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Pearls from artists* # 358

Elephanta Caves, India

Elephanta Caves, India

*an ongoing series of quotations – mostly from artists, to artists – that offers wisdom, inspiration, and advice for the sometimes lonely road we are on.

According to [Rudolph] Arnheim, the way in which we reach out for and grasp the “object we see, either in our immediate range of perception or through the medium of photography, is dependent upon who we are and what we recognize from past experience.”  The visual imprint of an image, an object, or a scene upon the eye is not at all “objective.”  In the image-making process of thinking, we see, sort, and recognize according to the visual phenomenology of our own experience.  What people notice in the “same” image – be it an image of a dancing Siva or a film of a Hindu festival procession – depends to some extent on what they can recognize from the visual experience of the past.  In the case of film, of course, it also depends on what the photographer has seen and chosen to show us.  Arnheim writes that the eye and the mind, working together in the process of  cognition, cannot simply note down images that are “already there.”  “We find instead that direct observation, far from being a mere ragpicker, is an exploration of the form-seeking, form-imposing mind, which needs to understand but cannot until it casts what it sees into manageable models.”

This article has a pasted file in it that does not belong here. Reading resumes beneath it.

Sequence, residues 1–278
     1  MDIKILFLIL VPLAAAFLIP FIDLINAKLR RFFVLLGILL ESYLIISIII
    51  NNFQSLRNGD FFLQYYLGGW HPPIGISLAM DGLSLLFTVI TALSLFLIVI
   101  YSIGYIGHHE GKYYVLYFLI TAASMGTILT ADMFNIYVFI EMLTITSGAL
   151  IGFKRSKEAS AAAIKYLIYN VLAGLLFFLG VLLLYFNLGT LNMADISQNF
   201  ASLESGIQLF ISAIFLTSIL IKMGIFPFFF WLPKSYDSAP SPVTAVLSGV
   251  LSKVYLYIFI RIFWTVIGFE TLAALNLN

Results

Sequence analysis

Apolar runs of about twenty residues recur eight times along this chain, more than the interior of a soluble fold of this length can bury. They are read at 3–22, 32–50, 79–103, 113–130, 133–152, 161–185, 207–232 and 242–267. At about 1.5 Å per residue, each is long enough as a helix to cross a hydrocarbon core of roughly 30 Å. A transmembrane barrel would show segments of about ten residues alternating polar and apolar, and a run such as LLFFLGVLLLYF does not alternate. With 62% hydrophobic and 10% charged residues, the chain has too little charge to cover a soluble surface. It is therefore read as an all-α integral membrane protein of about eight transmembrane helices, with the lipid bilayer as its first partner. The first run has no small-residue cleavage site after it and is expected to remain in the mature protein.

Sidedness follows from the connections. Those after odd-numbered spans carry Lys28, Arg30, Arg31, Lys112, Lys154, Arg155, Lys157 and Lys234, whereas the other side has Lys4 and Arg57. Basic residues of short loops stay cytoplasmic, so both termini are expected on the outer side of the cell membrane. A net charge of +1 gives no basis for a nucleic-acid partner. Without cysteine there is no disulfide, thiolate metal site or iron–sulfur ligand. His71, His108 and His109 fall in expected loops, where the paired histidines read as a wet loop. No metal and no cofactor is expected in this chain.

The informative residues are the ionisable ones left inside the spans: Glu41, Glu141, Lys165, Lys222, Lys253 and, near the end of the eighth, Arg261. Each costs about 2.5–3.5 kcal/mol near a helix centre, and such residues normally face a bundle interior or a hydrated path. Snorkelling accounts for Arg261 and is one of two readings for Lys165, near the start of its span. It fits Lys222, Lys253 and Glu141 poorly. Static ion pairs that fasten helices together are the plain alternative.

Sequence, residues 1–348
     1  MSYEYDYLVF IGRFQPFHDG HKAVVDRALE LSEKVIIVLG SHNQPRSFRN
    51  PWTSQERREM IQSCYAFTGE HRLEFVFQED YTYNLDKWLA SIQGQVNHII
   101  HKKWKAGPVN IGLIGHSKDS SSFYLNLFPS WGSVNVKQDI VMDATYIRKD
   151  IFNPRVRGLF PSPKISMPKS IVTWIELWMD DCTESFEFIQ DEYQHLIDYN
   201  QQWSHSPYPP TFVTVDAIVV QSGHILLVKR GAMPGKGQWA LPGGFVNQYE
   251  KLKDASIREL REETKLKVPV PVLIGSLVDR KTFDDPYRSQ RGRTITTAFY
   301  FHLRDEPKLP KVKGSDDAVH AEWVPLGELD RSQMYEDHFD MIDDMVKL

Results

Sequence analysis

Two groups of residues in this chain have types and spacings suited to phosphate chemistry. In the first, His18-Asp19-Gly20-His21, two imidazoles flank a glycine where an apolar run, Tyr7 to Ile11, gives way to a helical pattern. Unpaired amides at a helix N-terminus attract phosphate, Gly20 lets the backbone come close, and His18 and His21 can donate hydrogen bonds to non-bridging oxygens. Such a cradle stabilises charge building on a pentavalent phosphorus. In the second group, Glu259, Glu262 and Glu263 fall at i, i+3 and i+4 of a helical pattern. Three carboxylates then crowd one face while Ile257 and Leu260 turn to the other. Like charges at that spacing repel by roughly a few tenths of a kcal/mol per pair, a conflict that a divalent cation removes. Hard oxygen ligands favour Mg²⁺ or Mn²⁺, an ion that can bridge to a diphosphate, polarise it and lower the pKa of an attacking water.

Diana L. Eck in Darsan:  Seeing the Divine Image in India

Comments are welcome!

Q: Do you have a daily ritual that helps you start working in your studio?

Barbara's studio

Barbara’s studio

A:  In the morning before I start working on a pastel painting, I read for roughly half an hour.  Usually I read something art-related; for example, see the books that are quoted on Wednesdays in “Pearls from artists” on this blog.

As I’m reading, I look across at the painting on my easel and soon something becomes apparent, some annoying thing that needs immediate attention.  That’s where I will begin.  As I’m looking, of course, I’m thinking and the solution to a technical problem becomes obvious.  Before I know it, I’m up and working, slowly improving the painting as I go.    

Comments are welcome!   

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